As a global community, the Covid pandemic has changed our lives in a fundamental way. Life choices had to be re-evaluated, daily plans changed, record number of fur babies were adopted from shelters, and some people found the love of air fryers.
Sadly, some family members and loved ones were lost to the virus, as were record number of jobs. A few years into the pandemic, and subsequent recovery, companies have begun hiring staff again. People continue to take a second look at the available job options, their personal work experience, and reflect on the life they want to live each day. As a result, we have entered a new period referred to as “The Great Resignation.”
The Great Resignation refers to workers who either decide to quit their current jobs or not apply for a new job but start a small business instead. If this describes you, congratulations and we wish you the best! Running your own business can be empowering, fun, and rewarding. It can also be scary and expensive but don’t let that hold you back from building the business of your dreams.
Many new business owners realize they need a business loan for production costs, purchasing inventory, or even securing a storefront or warehouse when starting up. Your banker can help you determine the amount of loan you need, your debt ratio, and if you qualify. There are multiple types of business loans, programs and lenders available to small business owners – don’t be afraid to ask questions and research options!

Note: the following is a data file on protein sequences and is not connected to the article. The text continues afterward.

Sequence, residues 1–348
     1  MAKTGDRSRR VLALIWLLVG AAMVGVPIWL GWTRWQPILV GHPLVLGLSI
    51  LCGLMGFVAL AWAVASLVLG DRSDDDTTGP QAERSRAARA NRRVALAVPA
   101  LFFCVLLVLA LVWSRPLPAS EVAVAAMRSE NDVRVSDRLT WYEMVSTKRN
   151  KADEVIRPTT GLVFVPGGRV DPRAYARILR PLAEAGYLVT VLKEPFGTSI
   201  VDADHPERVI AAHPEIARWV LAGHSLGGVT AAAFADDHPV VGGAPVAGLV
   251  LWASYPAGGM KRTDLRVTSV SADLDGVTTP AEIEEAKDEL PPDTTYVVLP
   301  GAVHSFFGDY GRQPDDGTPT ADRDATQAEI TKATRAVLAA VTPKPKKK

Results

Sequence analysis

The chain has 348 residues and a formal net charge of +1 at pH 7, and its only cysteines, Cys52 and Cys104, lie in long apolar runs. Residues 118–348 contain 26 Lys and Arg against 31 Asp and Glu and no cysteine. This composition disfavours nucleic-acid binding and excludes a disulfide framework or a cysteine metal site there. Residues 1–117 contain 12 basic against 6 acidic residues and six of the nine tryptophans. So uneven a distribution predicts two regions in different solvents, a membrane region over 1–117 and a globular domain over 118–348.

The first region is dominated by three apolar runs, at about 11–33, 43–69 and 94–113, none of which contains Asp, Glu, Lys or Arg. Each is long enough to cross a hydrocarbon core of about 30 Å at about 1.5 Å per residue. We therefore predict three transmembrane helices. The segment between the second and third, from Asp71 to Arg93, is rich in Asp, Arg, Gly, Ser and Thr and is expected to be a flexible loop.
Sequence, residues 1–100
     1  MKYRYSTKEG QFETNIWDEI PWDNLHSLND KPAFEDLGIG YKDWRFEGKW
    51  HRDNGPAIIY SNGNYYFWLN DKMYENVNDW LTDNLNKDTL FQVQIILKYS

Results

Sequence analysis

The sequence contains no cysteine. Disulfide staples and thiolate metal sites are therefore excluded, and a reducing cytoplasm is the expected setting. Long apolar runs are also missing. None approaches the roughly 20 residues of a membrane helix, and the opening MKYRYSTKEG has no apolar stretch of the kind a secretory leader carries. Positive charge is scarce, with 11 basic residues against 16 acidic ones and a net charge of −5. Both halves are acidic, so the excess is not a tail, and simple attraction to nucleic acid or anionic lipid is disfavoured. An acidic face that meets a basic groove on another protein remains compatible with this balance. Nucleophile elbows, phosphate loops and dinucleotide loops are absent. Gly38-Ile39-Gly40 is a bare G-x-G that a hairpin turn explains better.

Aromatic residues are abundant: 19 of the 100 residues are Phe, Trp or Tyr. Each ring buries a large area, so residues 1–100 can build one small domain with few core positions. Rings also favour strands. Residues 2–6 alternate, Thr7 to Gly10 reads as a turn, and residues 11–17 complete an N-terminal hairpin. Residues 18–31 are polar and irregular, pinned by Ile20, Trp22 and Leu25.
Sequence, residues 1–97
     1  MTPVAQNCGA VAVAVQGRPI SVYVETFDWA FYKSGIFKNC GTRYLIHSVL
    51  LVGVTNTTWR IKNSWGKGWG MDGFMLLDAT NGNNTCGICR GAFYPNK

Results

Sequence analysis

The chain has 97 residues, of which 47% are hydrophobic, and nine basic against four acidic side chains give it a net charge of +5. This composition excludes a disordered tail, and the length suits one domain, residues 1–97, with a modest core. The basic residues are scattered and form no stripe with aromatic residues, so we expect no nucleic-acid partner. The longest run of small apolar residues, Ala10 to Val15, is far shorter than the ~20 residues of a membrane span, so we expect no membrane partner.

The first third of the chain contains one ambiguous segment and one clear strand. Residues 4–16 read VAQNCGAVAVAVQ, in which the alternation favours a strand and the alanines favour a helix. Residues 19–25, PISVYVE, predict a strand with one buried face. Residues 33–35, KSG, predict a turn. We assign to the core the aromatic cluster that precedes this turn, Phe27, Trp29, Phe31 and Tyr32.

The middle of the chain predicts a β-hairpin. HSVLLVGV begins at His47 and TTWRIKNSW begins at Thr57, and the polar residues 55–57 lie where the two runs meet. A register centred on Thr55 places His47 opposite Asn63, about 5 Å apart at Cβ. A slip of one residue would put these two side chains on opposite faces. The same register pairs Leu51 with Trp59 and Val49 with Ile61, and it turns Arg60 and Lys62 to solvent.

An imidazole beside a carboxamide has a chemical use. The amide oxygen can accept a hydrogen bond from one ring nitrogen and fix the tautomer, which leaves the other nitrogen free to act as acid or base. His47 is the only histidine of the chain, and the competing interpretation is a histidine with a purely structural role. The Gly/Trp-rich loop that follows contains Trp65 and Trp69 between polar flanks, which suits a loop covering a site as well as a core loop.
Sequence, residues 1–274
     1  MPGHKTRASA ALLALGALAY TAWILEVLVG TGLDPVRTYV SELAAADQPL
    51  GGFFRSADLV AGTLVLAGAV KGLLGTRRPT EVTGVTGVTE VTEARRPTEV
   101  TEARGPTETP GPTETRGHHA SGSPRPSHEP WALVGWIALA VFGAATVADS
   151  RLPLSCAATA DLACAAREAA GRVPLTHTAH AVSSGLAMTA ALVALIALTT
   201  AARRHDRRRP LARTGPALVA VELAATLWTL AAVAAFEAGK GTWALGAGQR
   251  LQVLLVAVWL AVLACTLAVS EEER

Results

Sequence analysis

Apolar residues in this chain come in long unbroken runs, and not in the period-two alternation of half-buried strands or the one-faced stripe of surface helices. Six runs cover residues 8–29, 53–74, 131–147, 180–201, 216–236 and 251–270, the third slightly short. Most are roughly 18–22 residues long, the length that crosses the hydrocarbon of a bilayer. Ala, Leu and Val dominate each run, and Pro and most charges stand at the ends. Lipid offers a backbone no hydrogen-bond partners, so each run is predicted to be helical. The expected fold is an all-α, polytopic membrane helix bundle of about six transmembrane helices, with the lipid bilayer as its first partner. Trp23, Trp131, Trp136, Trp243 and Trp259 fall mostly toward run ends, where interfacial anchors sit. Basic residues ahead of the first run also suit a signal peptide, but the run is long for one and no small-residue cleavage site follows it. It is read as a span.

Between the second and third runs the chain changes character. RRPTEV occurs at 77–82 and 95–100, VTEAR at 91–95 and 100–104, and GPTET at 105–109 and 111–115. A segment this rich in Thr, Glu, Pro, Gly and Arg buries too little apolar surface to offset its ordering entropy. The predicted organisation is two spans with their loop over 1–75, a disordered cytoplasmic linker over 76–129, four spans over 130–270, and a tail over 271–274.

Regardless of the type of loan you choose, you will need some basic information and paperwork. Your banker and you may have an existing relationship and he may know your personal and professional history – as well as if you are a good credit risk. Underwriters for the bank typically do not. It is the underwriters’ job to assess your business, your likelihood of success, and ability to repay the debt. Generally speaking, the underwriting process is the most difficult part of getting any type of loan – it is their job to make a decision with the bank’s best interest in mind.
Therefore, it is vital to go to the underwriting process with your business’ best foot forward. Present them with a document that details your business, your goals, your experience – everything you know about your business and your closest competitors. Show the underwriters you’ve done your homework and show them how you plan to bring your vision to reality. This document is called a Business Plan.